By ANDREW MELDRUM
Desmond Tutu, South Africa’s Nobel Peace Prize-winning activist for racial justice and LGBT rights and retired Anglican Archbishop of Cape Town, has died, South African President Cyril Ramaphosa announced Sunday. He was 90.
An uncompromising foe of apartheid — South Africa’s brutal regime of oppression against the Black majority — Tutu worked tirelessly, though non-violently, for its downfall.
The buoyant, blunt-spoken clergyman used his pulpit as the first Black bishop of Johannesburg and later Archbishop of Cape Town as well as frequent public demonstrations to galvanize public opinion against racial inequity both at home and globally.
Tutu’s death on Sunday “is another chapter of bereavement in our nation’s farewell to a generation of outstanding South Africans who have bequeathed us a liberated South Africa,” Ramaphosa said in a statement.
“From the pavements of resistance in South Africa to the pulpits of the world’s great cathedrals and places of worship, and the prestigious setting of the Nobel Peace Prize ceremony, the Arch distinguished himself as a non-sectarian, inclusive champion of universal human rights.”
Tutu died peacefully at the Oasis Frail Care Center in Cape Town, the Archbishop Desmond Tutu Trust said in a statement Sunday.
Tutu had been hospitalized several times since 2015, after being diagnosed with prostate cancer in 1997.
“Typically he turned his own misfortune into a teaching opportunity to raise awareness and reduce the suffering of others,” said the Tutu trust’s statement. “He wanted the world to know that he had prostate cancer, and that the sooner it is detected the better the chance of managing it.”
In recent years he and his wife, Leah, lived in a retirement community outside Cape Town.
Throughout the 1980s — when South Africa was gripped by anti-apartheid violence and a state of emergency giving police and the military sweeping powers — Tutu was one of the most prominent Blacks able to speak out against abuses.
A lively wit lightened Tutu’s hard-hitting messages and warmed otherwise grim protests, funerals and marches. Short, plucky, tenacious, he was a formidable force, and apartheid leaders learned not to discount his canny talent for quoting apt scriptures to harness righteous support for change.
The Nobel Peace Prize in 1984 highlighted his stature as one of the world’s most effective champions for human rights, a responsibility he took seriously for the rest of his life.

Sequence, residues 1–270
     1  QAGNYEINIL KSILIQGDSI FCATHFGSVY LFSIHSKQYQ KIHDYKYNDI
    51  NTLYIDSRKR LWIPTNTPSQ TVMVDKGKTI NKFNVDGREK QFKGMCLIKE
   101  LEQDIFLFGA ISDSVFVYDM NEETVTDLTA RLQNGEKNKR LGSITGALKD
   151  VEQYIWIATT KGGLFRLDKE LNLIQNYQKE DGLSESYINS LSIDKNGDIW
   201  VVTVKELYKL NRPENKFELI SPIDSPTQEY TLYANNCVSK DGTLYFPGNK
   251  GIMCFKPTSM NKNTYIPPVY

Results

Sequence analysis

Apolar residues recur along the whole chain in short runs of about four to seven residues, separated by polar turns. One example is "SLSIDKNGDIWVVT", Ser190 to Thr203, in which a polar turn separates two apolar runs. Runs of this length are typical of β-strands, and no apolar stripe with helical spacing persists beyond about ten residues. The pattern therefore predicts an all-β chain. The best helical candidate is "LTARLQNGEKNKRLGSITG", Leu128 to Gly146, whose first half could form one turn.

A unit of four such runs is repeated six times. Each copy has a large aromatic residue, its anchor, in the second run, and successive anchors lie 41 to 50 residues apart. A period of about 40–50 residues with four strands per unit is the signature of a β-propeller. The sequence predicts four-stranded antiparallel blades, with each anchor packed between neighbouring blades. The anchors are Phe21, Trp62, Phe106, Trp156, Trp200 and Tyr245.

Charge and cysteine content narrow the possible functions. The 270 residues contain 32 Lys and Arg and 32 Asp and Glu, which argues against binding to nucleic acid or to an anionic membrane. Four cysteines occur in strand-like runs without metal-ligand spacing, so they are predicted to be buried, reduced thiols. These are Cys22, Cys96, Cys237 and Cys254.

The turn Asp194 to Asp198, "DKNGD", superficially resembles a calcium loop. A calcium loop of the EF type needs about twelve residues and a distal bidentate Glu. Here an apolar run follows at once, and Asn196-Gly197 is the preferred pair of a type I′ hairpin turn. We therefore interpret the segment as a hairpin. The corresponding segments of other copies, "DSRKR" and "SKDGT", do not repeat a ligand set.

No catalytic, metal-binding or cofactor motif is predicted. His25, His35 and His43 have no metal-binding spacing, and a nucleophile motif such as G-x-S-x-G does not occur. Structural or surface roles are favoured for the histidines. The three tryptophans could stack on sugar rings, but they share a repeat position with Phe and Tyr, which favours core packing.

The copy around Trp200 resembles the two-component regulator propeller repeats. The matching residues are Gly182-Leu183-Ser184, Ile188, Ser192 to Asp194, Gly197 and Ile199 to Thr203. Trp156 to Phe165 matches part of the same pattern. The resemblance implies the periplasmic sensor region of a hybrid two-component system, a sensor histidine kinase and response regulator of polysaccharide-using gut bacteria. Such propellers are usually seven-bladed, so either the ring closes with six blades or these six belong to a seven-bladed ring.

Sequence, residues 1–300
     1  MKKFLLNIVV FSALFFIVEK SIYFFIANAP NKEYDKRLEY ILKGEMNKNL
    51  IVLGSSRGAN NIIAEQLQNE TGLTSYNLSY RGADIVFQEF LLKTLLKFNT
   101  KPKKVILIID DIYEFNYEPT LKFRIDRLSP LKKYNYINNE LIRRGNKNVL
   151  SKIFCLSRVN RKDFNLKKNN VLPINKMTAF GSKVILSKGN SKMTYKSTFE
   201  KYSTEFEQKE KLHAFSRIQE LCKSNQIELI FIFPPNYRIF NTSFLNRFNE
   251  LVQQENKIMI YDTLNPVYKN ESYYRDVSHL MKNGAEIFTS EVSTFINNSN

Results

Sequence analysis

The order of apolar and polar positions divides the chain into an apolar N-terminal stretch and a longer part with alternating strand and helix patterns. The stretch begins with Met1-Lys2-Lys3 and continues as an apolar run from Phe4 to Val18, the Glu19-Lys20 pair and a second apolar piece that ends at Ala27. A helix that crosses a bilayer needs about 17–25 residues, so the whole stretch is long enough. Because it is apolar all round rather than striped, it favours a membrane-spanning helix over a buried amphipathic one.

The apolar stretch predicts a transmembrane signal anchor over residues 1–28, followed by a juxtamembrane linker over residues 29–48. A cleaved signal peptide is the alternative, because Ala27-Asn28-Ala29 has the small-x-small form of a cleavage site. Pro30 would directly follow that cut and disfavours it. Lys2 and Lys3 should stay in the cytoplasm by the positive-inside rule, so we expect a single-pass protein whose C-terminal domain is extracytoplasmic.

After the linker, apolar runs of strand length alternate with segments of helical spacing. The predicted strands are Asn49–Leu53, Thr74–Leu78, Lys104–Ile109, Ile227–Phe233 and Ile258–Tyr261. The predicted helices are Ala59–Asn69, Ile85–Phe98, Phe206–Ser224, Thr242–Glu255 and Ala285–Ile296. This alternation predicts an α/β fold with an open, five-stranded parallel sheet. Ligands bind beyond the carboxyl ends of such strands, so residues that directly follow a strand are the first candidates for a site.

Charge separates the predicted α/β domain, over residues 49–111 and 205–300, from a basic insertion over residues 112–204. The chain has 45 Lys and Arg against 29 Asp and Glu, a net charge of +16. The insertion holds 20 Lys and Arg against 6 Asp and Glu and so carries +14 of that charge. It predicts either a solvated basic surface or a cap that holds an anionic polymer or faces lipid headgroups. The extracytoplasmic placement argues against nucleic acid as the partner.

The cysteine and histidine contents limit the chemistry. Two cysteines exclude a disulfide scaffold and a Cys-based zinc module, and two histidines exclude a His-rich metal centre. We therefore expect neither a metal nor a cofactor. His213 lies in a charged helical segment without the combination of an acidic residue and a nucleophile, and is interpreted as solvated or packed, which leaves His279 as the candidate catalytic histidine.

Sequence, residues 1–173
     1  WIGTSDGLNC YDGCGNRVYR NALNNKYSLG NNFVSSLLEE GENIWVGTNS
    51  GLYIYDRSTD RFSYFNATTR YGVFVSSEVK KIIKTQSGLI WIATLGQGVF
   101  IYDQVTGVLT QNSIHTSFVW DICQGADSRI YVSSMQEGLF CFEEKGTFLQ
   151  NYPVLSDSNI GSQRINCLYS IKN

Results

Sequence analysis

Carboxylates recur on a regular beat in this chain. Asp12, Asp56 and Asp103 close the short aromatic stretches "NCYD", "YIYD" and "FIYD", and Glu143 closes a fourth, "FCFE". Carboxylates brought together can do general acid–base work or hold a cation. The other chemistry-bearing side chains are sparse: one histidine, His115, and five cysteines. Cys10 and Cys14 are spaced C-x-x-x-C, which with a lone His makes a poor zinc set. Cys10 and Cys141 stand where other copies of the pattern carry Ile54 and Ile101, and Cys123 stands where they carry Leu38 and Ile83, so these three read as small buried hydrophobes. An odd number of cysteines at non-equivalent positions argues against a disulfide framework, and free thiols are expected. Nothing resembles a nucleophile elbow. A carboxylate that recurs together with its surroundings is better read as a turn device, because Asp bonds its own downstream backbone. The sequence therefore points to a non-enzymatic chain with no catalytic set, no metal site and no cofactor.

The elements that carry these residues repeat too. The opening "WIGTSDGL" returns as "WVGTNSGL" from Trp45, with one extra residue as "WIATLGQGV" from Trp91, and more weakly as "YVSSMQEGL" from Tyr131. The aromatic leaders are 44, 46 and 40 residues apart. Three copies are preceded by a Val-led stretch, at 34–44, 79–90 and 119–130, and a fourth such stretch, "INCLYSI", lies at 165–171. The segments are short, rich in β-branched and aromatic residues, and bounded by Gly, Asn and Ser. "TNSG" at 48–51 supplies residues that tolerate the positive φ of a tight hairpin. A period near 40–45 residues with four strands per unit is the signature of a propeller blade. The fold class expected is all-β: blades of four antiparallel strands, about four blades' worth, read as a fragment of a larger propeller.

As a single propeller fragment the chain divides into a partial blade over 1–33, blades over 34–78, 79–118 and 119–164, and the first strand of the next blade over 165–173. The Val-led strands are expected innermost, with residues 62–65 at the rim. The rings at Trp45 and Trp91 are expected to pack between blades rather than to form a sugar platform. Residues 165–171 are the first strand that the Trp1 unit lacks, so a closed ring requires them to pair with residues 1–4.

With the end of apartheid and South Africa’s first democratic elections in 1994, Tutu celebrated the country’s multi-racial society, calling it a “rainbow nation,” a phrase that captured the heady optimism of the moment.
Nicknamed “the Arch,” Tutu was diminutive, with an impish sense of humor, but became a towering figure in his nation’s history, comparable to fellow Nobel laureate Nelson Mandela, a prisoner during white rule who became South Africa’s first Black president. Tutu and Mandela shared a commitment to building a better, more equal South Africa.
In 1990, after 27 years in prison, Mandela spent his first night of freedom at Tutu’s residence in Cape Town. Later, Mandela called Tutu “the people’s archbishop.”
Upon becoming president in 1994, Mandela appointed Tutu to be chairman of the Truth and Reconciliation Commission, which uncovered the abuses of the apartheid system.
Tutu campaigned internationally for human rights, especially LGBT rights and same-sex marriage.
“I would not worship a God who is homophobic and that is how deeply I feel about this,” he said in 2013, launching a campaign for LGBT rights in Cape Town. “I would refuse to go to a homophobic heaven. No, I would say, ‘Sorry, I would much rather go to the other place.’”
Tutu said he was “as passionate about this campaign (for LGBT rights) as I ever was about apartheid. For me, it is at the same level.” He was one of the most prominent religious leaders to advocate LGBT rights. Tutu’s very public stance for LGBT rights put him at odds with many in South Africa and across the continent as well as within the Anglican church.